Once the script is done and the next step is to record any interviews. These are either done face to face, if it’s with an actor or director who is rehearsing at the Playhouse or over the phone. For phone interviews I use Skype and a software application called Audio Hijack Pro, that allows me to record the conversation from both sides. Aside from interviews I may also record some ‘vox pops’ – audience comments about a show, which I can use in the podcast as part of a review. It’s really nice to be able to get the thoughts of ‘real people’ as opposed to critics from the newspapers.

So, armed with the script and any interviews or audio clips I can then begin to actually record the podcast. 

Recording the podcast

I use a program called Garageband which is specifically designed for recording. The first thing I do is record all of my scripted dialogue. Then I put in any other audio, chronologically, staring with the theme music. After each segment of the show (like the news, interview and the ‘gossip’ sections) I insert a ‘sting’. It’s basically a little soundbite of music which helps separate the different sections of the show.

Adding the interview is next. On most interviews I edit all of the interviewees’ answers and then select the ones I want to keep. After this I re-record my questions for each of the answers and edit them all back together. The reason for this is that I can produce a much tidier, ‘cleaner’ interview without any errors, coughs, interruptions of miscellaneous sounds that may have been picked up in the original. This can take a long time. For example, a 15 minute interview that I need to edit down to 5 minutes can easily take two to three hours.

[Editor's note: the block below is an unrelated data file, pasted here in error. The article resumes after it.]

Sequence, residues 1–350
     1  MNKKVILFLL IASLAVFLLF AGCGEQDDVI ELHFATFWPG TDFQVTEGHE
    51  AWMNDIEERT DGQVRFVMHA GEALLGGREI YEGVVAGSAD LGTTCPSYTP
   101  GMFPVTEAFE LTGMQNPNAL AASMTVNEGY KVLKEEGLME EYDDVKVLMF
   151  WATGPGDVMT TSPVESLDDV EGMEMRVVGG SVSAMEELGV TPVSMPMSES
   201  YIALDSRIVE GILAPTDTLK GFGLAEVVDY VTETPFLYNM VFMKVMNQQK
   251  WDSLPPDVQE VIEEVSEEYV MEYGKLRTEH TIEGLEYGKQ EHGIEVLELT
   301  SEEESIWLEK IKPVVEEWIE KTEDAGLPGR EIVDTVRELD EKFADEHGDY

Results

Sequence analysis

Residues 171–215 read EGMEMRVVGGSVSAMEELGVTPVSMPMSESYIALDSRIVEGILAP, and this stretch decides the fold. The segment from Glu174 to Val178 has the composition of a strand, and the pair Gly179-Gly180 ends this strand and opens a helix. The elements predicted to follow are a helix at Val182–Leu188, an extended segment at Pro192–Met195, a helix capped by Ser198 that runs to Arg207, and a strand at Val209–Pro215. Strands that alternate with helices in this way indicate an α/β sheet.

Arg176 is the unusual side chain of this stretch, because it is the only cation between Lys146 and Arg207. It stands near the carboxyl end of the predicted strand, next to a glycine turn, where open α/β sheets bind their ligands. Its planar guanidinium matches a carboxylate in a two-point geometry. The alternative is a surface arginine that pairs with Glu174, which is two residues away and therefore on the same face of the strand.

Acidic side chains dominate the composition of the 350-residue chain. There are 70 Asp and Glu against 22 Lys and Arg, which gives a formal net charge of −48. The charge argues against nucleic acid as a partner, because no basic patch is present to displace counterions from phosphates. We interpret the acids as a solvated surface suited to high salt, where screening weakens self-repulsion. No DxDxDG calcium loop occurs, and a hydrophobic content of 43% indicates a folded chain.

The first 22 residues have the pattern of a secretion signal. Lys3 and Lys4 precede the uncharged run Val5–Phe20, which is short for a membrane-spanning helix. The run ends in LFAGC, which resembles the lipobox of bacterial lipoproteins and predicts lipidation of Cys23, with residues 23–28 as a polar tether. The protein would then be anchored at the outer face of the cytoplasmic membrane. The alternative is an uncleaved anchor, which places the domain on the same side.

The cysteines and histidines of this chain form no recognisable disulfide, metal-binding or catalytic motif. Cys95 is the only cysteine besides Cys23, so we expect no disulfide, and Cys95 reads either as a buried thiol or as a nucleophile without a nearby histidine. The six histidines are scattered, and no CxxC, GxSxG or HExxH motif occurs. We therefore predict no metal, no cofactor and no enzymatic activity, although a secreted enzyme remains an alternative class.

Once the interview is done I just add in and more ‘stings’ and additional audio clips and finally the theme music at the end.

In Garageband I can use a different track for different parts of the podcast. One track is for my vocals, one for imported audio such as interviews and another for music and ‘stings’. So after all the recording is complete I then go though the whole show to check it. I often need to adjust sound levels on individual tracks, tighten up on any edits and make sure I’ve not actually said anything slanderous!

When I’m happy with the whole show I let Garageband do lots of technical stuff like converting it to AAC format, normalizing and other impressive sounding stuff. Then it’s ready to be sent up to the Internet. Currently I use my own website to host the podcasts. I employ another software application called iWeb which allows me to create a web page for each show complete with a logo, the show itself and some information on that particular episode. All of this gets sent to the internet. Then something magical happens and the whole thing gets exported to iTunes. As soon as it makes it into iTunes it will automatically download to peoples’ computers, if they’ve subscribed to the show already.

To actually record, edit and publish a podcast takes about 4-5 hours although once I’ve published it to my website it’s usually only a few minutes before it’s ready to download from iTunes. The show does vary in length but is usually around 10-15 minutes long. I find this is an ideal length of time as there’s loads of content but it doesn’t take an age to listen to. The show comes out every two weeks on a Thursday and I usually publish it to the internet late on a Wednesday night so it’s ready for the Thursday morning all fresh and ready to be enjoyed.

And that’s all there is to it!